Cardiac Arrest

I know I say this pretty much most posts, but this is really super important. Like super. I’ve never been in a cardiac arrest situation, never seen one, except on TV, but it’s good to know what to do should the need arise, even if you’re not a healthcare professional.

Cardiac Arrest

Definition: acute cessation of cardiac function

Aetiology/ risk factors:

Can be remembered as the 4 Hs and 4 Ts. In an advanced life support situation, whilst resuscitating the patient, try to ascertain the cause so it can be corrected, if possible.

4 Hs:


Hypovolaemia (shock)

Hypo/hyperkalaemia, metabolic e.g. hypoglycaemia and other U&E imbalances


4 Ts:

Thrombosis- coronary (MI) or pulmonary (PE)

Tamponade- cardiac

Toxins e.g. digoxin

Tension pneumothorax

Other: trauma, electrocution, hypercapnia

Signs and symptoms:

-unconscious, non-responsive

-apnoeic (not breathing), or abnormal breathing (e.g. occasional gasps)

-absent carotid pulse

Investigations and Management:

Basic Life Support (anyone can do this)



Danger- check for danger in surroundings and keep yourself self and the person safe

Response- check to see if person is responsive; do they respond to your voice? Pain?

-If unresponsive move onto next step.

Call for help as early as possible. (Definitely once you’ve realised that they are not breathing normally). This will be the resuscitation team if in hospital or an ambulance if on the street.)

Whenever we practiced BLS in med school and we were faking scenarios, you always had to tell the person next to you to call an ambulance and to come back when they were done so you weren’t left hanging. Also, send someone to fetch you a defibrillator, if possible, as this can really make a difference to the outcome.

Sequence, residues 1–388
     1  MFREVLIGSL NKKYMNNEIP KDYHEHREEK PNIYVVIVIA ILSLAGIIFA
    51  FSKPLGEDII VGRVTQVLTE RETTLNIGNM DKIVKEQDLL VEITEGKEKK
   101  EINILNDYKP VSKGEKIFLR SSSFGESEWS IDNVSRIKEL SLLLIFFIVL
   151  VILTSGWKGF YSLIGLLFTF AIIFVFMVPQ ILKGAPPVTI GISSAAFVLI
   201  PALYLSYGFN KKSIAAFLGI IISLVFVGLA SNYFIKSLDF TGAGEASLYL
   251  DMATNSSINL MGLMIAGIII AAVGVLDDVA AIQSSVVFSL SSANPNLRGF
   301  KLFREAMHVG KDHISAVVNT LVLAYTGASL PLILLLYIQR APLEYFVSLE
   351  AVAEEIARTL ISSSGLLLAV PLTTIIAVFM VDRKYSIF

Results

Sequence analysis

Defibrillators can be found in many places, including tube stations and other large/ public buildings. They are labelled AED (Automated External Defibrillator) and look like this:

Image result for aed uk

Airway- head tilt (if no spine injury) + chin lift/ jaw thrust. Clear the mouth. Aim is to keep the airway open and clear. Remove any obstruction, even if it’s something gross.

Breathing- check breathing. If not breathing normally, give 2 breaths after 1st set of chest compressions, each inflation ~1 second. Use a specialised bag and mask system if available and you have a spare set of hands, otherwise, mouth to mouth with a valved pocket mask, and if you don’t have one of those, then literally mouth to mouth, making sure to form a tight seal.

Chest compressions- 30 compressions to 2 breaths. CPR should not be interrupted except to give shocks. Use the heel of your hand with straight elbows and one hand over the other, fingers interlocked, directing the weight of your body through your vertical, straight arms. Centre over the lower third of the sternum, aiming for a 5-6 cm compression at 100-120/min. (To the tune of ‘staying alive’- the chorus).

Alongside continuing with the CPR as outlined above, get someone to open the AED box and follow the voice instructions. It does pretty much the whole job and you don’t have to know anything about heart rhythms or how much shock to apply. Just open the box and do as it says. Don’t stop CPR, except when you need to apply shock to the person (if this is indicated). The AED will direct you as to how to put on the adhesive pads and when you should stand back so that shock can be applied. Continue CPR, and applying shock, as directed by the AED, until an ambulance arrives.


I’ve never done this for real but I’ve done quite a few dummies and chest compressions are really tiring. I suppose in real life, the adrenaline rush would keep you going, but on a model, 2 sets in and I’m already achey.

Also, in real life, you will probably have people around you and so once you start getting tired and ineffective, finish your set of compressions, give 2 breaths and then swap with another person.

And don’t worry if you break ribs, I’ve been told that this is likely if you are doing it correctly.


Advanced Life Support


This bit is for a hospital setting:

-Throughout this CPR should be continuous, as outlined above, and non-interrupted, except to defibrillate or intubate. Do not stop > 5s. Once you have defibrillated continue CPR immediately.

-Place defibrillator paddles on chest as soon as possible and set monitor to assess the rhythm through the paddles (if delay in attaching ECG leads).